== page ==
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Near open window - almost finished

Near open window
100cm x 100cm
Oil on canvas

Reference picture was taken by me
Dress tailored by me
Hairstyle made by my
Girl created by me :)

This is the biggest drawing I've ever managed to finish (previous my 100x100 drawing ended up in the fireplace)



There are some mistakes I am planning to fix, maybe you'll point some more. All kind of comments are very welcome.

Sorry for my bad english :)

MikeDerbytassieguyKaustavmichalisPaulBdencalbixbyriojswartzartSummerBOB73ForgivenessRoxy

Comments

  • Lovely! You have a distinctive way of painting that is very nice :)
  • @Richard_P, it's interesting, what do you mean by distinctive way of painting? For me my painting seams ordinary, too much overdone. I'd like to paint with souch loose brushstrokes like @Kaustav does, but I am not able...
  • I think it's distinctive as well and by that I mean beautiful and personal.  It is all your own and you are fairly consistent.  I might refine it somewhat, as you see fit, but not to the extent of painting like someone else.
    This painting is excellent.  The linear perspective is correct.  The sheer curtain is wonderful and makes me quite jealous.  The figures are very well painted and having made so much of it yourself I must say that I am impressed with the broad range of your talents  :). If there is one change I would have made it would be to have the girl look at us and the dog look away.  As it is, I find myself focusing more on the dog than the girl.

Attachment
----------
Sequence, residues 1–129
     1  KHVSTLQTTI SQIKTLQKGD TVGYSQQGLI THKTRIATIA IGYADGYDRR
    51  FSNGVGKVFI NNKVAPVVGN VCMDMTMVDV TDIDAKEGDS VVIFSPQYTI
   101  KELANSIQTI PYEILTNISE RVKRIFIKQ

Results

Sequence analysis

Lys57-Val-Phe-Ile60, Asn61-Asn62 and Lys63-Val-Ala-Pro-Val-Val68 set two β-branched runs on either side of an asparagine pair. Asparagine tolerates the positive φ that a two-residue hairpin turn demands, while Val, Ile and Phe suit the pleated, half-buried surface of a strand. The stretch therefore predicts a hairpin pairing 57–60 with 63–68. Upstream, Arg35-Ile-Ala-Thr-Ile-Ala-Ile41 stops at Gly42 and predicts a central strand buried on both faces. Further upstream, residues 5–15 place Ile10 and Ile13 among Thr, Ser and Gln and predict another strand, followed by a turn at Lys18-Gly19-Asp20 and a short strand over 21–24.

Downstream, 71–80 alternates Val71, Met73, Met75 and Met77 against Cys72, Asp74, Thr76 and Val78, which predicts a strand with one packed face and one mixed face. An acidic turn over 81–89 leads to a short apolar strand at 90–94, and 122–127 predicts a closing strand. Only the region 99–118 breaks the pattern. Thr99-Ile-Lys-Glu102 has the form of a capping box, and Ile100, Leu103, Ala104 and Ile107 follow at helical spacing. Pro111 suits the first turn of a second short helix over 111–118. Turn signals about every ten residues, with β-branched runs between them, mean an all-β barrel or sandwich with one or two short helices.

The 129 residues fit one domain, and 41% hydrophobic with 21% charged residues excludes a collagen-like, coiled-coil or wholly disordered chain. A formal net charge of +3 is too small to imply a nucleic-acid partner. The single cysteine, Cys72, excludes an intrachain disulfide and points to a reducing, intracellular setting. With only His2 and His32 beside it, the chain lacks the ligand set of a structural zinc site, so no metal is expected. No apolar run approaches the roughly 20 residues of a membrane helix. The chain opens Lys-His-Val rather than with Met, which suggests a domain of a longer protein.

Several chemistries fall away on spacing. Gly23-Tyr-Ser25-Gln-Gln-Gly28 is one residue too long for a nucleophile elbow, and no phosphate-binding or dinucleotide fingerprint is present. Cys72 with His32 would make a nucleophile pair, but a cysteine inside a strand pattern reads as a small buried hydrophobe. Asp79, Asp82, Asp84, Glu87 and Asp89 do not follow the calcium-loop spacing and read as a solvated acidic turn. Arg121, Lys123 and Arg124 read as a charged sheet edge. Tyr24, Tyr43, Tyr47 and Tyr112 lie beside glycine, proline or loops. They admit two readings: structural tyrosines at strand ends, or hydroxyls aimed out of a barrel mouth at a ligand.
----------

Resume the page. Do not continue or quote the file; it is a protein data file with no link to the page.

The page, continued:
michalis
  • I feel that you should leave it alone. Looking at that photo, I think it is absolutely complete and there's no need for retouching.
    Summer
  • That's gorgeous, @jarube!  The curtain, the little girl's hair, the dog, the reflections on the floor ... All beautiful.  :) 
    Summer
  • When you paint areas you have a streaky effect following the direction of the material, skin, etc. That seems quite unusual to me, but nice :)
  • My favorite part is the floor and where the curtain meets it. Truly lovely. The whole painting is.
  • I am looking at this beautiful painting for about 5 minutes and I am unable to find a mistake :) Don't change a thing.
    Summer
  • Yes, I agee, @michalis. I can FEEL the breeze coming through that window!
    michalis
  • That is beautiful.  Great work.  Huge, too.

    The wood trim between wall and floor needs its lines straightened, and currently looks larger on the right side and should not.
    BOB73
  • edited January 6
    Oh, yes, you're right, @PaulB. I didn't see that at first. Maybe because I was looking at it on my cell phone. Happily,  it's easily fixed.
  • The whole thing is light and airy like the subject suggests. Your painting style is what gives it that feeling as much as anything else so that is why your style is distinctive. Loose brush strokes and more abstraction would not have improved this painting. If I wanted to change anything it would be the flooring but only to keep the direction of brush strokes the same as the grain of the wood. the colors and values in the floor are very well done.
  • edited January 7